SilverDoctors's picture

Speaking of Banksters....Blythe Masters is out as head of commodities at JP Morgan as of Monday.

Sun, 01/29/2012 - 23:57 | 2108575 Kaiser Sousa
Kaiser Sousa's picture

we should give her a ride from her office on her last day...

in a mother fuckin Hearst....that bitch!!!!

Mon, 01/30/2012 - 00:23 | 2108616 Calmyourself
Calmyourself's picture

Wrap her in a newspaper.. Doesn't seem very Kaiser Sousa like..  Unless you light it on fire, ahh gotcha.

Mon, 01/30/2012 - 00:02 | 2108591 Kali
Kali's picture

rats fleeing the ship!

Mon, 01/30/2012 - 00:22 | 2108600 slewie the pi-rat
slewie the pi-rat's picture

she ran a breast cancer campaign last fall while the crimex was about to crumble round her

blythe this, blythe that, she's the gal to put in charge

so, that's that

new commodity head:  wasn't here, then; ...i hear she works for the redCross now, but not positive;...yes! i know about the nite she got gang-banged @ zeroHedge!  not sure where they put the records;  try dick cheney's bunker, maybe...

Mon, 01/30/2012 - 00:22 | 2108614 Tyler Durden
Tyler Durden's picture

Wrong. Masters is merely replacing DB's Faissola as head of the GFMA:

From the FT:

Blythe Masters, the JPMorgan commodities boss who becomes the GFMA’s chairman, said it was a logical next step following the evolution of regional trade bodies.


The GFMA encompasses the Securities Industry and Financial Markets Association in the US, the Association of Financial Markets in Europe, and Asifma, their Asian sister organisation.


“In the past, there were fragmented trade associations reflecting particular regional issues, or issues in certain asset classes or within sub-parts of firms,” said Ms Masters.


“But now the regulatory agenda in particular is more global.”


Ms Masters, who shot to fame as her derivatives expertise at JPMorgan put her at the heart of the first wave of the global financial crisis, is a higher profile appointment than her opposite number at Deutsche Bank, Michele Faissola, whom she replaces, although Mr Faissola is now tipped as a potential successor to Anshu Jain as head of Deutsche’s investment bank.

Mon, 01/30/2012 - 00:27 | 2108624 slewie the pi-rat
slewie the pi-rat's picture


she's so hot @ theMorgue!  damn! what a woman!

Sun, 01/29/2012 - 23:44 | 2108547 Dorky
Dorky's picture

End one central bank, replace it with a new central bank and repeat the whole process again.

Sun, 01/29/2012 - 23:46 | 2108551 JR
JR's picture

How long must we, the people, remain sacrificial animals before we “support efforts to end the Federal Reserve System”?  This is a gold mine of nuggets, T.M. Thank you.

… And when a central banker uses the bugaboo of avoiding deflation as a threat, we should discredit this sham as a denial of our right to affordable living.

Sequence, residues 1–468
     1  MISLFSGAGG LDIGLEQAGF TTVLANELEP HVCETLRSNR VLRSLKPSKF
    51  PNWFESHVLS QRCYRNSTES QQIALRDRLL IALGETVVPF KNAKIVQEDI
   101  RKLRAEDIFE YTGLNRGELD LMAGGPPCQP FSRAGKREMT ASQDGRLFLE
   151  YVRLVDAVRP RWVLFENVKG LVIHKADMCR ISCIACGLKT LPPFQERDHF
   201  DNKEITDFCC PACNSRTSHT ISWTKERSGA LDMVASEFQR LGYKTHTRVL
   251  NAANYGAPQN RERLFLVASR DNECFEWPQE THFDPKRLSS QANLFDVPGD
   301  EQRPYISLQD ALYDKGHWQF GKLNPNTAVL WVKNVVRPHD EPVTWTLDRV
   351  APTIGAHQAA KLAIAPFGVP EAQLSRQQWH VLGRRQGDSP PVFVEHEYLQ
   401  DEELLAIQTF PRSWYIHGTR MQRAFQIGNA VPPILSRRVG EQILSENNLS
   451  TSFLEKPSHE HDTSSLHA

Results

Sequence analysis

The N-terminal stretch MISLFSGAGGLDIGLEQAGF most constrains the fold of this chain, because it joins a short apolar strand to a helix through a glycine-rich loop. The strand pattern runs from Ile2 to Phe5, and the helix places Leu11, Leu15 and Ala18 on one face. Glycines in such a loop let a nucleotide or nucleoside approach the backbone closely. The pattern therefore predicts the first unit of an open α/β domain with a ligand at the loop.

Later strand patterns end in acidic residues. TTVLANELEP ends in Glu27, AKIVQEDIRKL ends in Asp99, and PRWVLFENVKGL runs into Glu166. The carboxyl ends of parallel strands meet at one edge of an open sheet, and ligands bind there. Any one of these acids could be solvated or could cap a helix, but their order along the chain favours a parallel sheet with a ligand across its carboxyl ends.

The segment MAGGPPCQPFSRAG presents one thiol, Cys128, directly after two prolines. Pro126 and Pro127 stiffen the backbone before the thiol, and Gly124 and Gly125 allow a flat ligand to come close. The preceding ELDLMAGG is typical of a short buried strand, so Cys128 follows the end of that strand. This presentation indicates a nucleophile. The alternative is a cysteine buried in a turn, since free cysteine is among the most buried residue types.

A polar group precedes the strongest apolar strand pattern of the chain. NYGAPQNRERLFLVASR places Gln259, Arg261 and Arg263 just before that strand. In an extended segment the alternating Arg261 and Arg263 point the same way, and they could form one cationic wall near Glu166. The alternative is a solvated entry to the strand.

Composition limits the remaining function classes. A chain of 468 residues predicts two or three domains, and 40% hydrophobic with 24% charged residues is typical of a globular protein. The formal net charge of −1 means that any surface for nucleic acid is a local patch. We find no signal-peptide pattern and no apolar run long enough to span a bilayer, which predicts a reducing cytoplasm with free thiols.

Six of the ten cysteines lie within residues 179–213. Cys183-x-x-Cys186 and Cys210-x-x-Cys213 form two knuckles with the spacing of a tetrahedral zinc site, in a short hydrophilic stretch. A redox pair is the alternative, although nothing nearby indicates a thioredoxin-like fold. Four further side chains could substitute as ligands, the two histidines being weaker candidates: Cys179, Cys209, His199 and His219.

… Contrary to a belief that easy money promotes growth, zero interest rate policy, quantitative easing and government sponsored credit promotion schemes are insidious regressive taxes. Zero interest rate policy is a hidden tax on savers and retirees. Millions of people worldwide are trying to live on fixed incomes, they are paying a tremendous bank bailout tax when they receive an artificially low investment rate. These savers are also forced to take on abnormal risk. Is it a fair policy to force risk adverse savers into inappropriate risk as an economic tool? Why should this economic group bear the burden of the credit promoters?

… Reflationism does nothing for the average guy. Inflation strikes first at the cost of food and energy. The billions of people worldwide who spend a large proportion of their income on food and energy are literally starved and frozen to death to support this global elite cabal.

...  Because our political system is corrupted by corporate lobbyists, it leaves the people with few choices. Those who do not wish for a violent revolution are left with the one alternative of taking control of their own money.

"When you see that trading is done, not by consent, but by compulsion - when you see that in order to produce, you need to obtain permission from men who produce nothing - when you see that money is flowing to those who deal, not in goods, but in favors - when you see that men get richer by graft and by pull than by work, and your laws don't protect you against them, but protect them against you - when you see corruption being rewarded and honesty becoming a self-sacrifice - you may know that your society is doomed.”
-- Ayn Rand
(1905-1982) Author
Source: Atlas Shrugged, Francisco's "Money Speech"

Mon, 01/30/2012 - 00:19 | 2108613 TimmyM
TimmyM's picture

Thanks JR, I always look for your posts.

Mon, 01/30/2012 - 03:42 | 2108843 JOYFUL
JOYFUL's picture

The words you quote are those of an authoritarian cult leader every bit as dangerous and manipulative as an L Ron Hubbard. They are as misplaced on ZH as anything Nouriel or Krugman might posit from the depths of the ZOG-controlled hive mind, as the below will illustrate concisely:

"Until and unless you discover that money is the root of all good, you ask for your own destruction. When money ceases to become the means by which men deal with one another, then men become tools of other men. Blood, whips, guns—or dollars. Take your choice—there is no other." Ayn Rand Atlas Shrugged

It's long overdue to deconstruct this Alisa Zinov'yevna Rosenbaum, a. k. a. Ayn Rand, the Russian transplant tasked with dismembering the American imagination.  Murray Rothbard did a pretty good job of it here - ...darest one summons the courage to see another iconic figure of the dissimulationists shatter and fall!

Mon, 01/30/2012 - 05:15 | 2108885 OldPhart
OldPhart's picture

When your money is independent of other men, of other government, and is totally dependent upon the real free market, then a free market purchase has an actual free market value.  Money, at that point, represents the actual value an individual places on a good offered for exchange.